I have a Raspberry Pi 4 acting as a NAS which I connect directly to my computer through cat 5 cable from the Ethernet port on the Rpi4. I have set up a file-server using SFTP and that has worked well, Unfortunately, I'm only getting 100Mbit speeds from my NAS. I usually top out around 11MB/s on file transfers. How do I access the full speed of the Gigabit Ethernet port? Everything else is fine with the way I have it set up. Is there a limit with SFTP that stops the port from utilizing its full speed?

I ran ethtool and it looks like I am configured for full speed Ethernet, but my transfers are only at 100Mb speeds.

Here's the output from ethtool:

    Supported ports: [ TP MII ]
    Supported link modes:   10baseT/Half 10baseT/Full 
                            100baseT/Half 100baseT/Full 
                            1000baseT/Half 1000baseT/Full 
    Supported pause frame use: Symmetric Receive-only
    Supports auto-negotiation: Yes
    Supported FEC modes: Not reported
    Advertised link modes:  10baseT/Half 10baseT/Full 
                            100baseT/Half 100baseT/Full 
                            1000baseT/Half 1000baseT/Full 
    Advertised pause frame use: Symmetric Receive-only
    Advertised auto-negotiation: Yes
    Advertised FEC modes: Not reported
    Link partner advertised link modes:  10baseT/Half 10baseT/Full 
                                         100baseT/Half 100baseT/Full 
    Link partner advertised pause frame use: Symmetric Receive-only
    Link partner advertised auto-negotiation: Yes
    Link partner advertised FEC modes: Not reported
    Speed: 1000Mb/s
    Duplex: Full
    Port: MII
    PHYAD: 1
    Transceiver: internal
    Auto-negotiation: on
    Supports Wake-on: gsf
    Wake-on: d
        SecureOn password: 00:00:00:00:00:00
    Current message level: 0x00000007 (7)
                   drv probe link
    Link detected: yes
  • How is the NAS formatted?
    – Milliways
    Feb 11, 2021 at 3:40
  • The NAS is formatted as 4x 4TB mechanical drives with the NTFS filesystem. When I plug it into my computer via USB3, I get speeds of around 25-30MB/s which seems to be the maximum of the USB bus. Feb 11, 2021 at 4:00
  • I've closed this question as a duplicate because you have not distinguished between the local IO bottleneck (read speed from storage) and the network IO bottleneck. If you find that the internet speed is an issue regardless of the source (eg. from the ext4 root fs on the SD card, which should read faster than 11 MB/s), then you have isolated a different issue, this can be edited to reflect that and re-opened.
    – goldilocks
    Feb 11, 2021 at 14:46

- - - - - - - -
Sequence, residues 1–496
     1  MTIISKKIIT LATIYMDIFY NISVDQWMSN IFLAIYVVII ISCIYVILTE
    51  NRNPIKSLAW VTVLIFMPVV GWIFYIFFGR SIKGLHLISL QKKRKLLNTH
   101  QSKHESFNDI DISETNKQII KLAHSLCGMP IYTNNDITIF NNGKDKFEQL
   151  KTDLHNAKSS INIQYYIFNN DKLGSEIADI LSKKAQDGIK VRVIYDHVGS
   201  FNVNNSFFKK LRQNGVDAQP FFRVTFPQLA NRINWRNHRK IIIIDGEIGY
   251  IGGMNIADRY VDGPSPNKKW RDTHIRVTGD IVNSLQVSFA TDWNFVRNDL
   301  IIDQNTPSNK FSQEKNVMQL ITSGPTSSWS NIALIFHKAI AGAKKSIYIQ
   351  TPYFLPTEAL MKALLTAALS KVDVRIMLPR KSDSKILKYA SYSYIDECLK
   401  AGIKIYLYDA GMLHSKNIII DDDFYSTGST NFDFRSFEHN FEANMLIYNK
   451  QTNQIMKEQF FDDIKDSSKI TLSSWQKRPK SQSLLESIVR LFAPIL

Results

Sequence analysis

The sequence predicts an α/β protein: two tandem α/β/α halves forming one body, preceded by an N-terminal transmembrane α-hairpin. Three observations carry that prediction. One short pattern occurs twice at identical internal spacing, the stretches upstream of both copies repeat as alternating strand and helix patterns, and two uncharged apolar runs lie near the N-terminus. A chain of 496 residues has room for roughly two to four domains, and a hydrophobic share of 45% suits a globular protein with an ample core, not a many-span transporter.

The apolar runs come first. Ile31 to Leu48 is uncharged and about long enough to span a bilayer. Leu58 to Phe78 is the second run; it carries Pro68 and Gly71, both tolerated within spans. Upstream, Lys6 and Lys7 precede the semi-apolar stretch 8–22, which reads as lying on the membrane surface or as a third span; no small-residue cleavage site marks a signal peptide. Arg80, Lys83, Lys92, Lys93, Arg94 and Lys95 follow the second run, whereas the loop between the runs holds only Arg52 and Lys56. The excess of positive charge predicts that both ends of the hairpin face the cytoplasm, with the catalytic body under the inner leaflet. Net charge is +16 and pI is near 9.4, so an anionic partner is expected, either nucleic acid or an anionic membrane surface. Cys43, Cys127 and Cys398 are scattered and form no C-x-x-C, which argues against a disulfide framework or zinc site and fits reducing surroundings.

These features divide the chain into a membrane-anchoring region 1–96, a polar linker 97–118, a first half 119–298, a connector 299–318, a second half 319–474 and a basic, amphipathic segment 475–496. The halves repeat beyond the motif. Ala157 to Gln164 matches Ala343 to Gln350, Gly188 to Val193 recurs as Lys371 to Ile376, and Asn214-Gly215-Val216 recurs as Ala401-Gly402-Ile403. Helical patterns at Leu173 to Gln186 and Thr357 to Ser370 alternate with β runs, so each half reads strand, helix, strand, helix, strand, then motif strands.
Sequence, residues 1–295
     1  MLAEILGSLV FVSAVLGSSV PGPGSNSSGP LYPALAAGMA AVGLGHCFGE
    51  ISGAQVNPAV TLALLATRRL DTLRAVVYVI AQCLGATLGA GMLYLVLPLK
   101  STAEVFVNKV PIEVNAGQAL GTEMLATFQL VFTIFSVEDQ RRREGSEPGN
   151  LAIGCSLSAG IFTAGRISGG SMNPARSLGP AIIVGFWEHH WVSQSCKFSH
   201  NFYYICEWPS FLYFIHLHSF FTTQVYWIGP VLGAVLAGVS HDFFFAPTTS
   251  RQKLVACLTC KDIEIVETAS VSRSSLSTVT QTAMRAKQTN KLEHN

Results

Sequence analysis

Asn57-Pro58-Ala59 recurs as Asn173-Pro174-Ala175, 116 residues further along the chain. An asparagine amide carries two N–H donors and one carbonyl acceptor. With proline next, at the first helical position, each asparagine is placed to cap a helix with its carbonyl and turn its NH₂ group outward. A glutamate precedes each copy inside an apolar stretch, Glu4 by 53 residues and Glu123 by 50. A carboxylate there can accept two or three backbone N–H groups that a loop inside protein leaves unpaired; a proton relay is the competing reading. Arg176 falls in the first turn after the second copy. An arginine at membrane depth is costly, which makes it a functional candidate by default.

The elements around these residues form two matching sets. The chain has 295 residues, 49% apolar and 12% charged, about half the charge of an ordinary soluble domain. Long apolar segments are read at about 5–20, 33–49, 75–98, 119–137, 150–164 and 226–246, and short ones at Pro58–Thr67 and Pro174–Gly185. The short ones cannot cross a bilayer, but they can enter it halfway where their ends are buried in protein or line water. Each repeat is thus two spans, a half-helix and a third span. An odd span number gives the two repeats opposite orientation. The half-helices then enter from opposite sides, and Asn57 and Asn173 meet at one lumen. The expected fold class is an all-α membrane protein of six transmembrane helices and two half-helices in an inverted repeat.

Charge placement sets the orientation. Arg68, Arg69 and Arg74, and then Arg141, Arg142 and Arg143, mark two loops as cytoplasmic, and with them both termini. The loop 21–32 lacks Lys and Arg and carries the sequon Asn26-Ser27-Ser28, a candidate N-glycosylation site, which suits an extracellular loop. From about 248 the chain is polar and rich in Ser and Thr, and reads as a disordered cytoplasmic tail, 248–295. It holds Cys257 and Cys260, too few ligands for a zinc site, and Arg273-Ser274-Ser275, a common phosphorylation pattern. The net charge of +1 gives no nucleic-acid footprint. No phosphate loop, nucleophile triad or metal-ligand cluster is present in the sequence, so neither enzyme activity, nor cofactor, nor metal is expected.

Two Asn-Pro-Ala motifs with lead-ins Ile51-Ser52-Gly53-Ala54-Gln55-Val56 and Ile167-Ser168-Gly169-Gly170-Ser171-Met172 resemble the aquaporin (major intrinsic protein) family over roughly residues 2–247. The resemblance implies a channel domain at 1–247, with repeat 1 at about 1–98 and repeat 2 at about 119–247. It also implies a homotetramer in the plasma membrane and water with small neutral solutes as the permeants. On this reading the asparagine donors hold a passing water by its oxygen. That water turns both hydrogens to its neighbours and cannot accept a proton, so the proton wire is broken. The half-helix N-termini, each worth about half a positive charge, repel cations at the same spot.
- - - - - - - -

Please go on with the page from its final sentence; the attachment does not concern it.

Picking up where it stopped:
• Check if big_writes option helps you. Feb 11, 2021 at 15:49

2 Answers 2


The Ethernet IS working at full speed.

That doesn't mean you will get anything like that from the file system which is limited by the CPU and transfer rate of the USB port.

NTFS performs poorly on the Pi (indeed on Linux). The driver runs in userspace.

Use ext4 which will be several times faster (and more reliable as it supports journaling).

  • I have watched videos of other people get around 240Mb/s from what is essentially the same setup. 11MB/s is a third of the speed of the USB 3 bus and, as far as I'm aware, the CPU shouldn't have problems transferring at faster speeds. Feb 11, 2021 at 4:00
  • Unfortunately, I need to keep the drives in a Windows compatible filesystem, as I regularly connect the drives to my Windows machine through USB. I'd also have to transfer all the data to other drives to format the file-system. I don't have enough money to buy another 16TB of drives at the moment as the drives are mostly full. It's also one of the reasons I haven't put the drives into a RAID configuration. Feb 11, 2021 at 6:12

NTFS is slower on any Linux machine than a native Linux filesystem. I found slow transfer speeds when I added a 2 TB USB3 drive to my Raspberry Pi 4 to use it as a NAS. I backed up the data, formatted the drive as ext4 and replaced the data. I could now get 100 MB/S read and write. I have since added a 3 TB USB3 drive, with similar performance. I suggest that you only need 1 x 4 TB drive if you convert the NAS drives to ext4 one at a time. If you are worried about losing access to your data, you could get another Raspberry Pi for a spare with an up to date copy of your NAS Pi SD card. Before long, you will be able to mount ext4 drives in Windows 10. You can already in Insider Build 20211 and later. See the link below.

Access Linux filesystems in Windows and WSL 2

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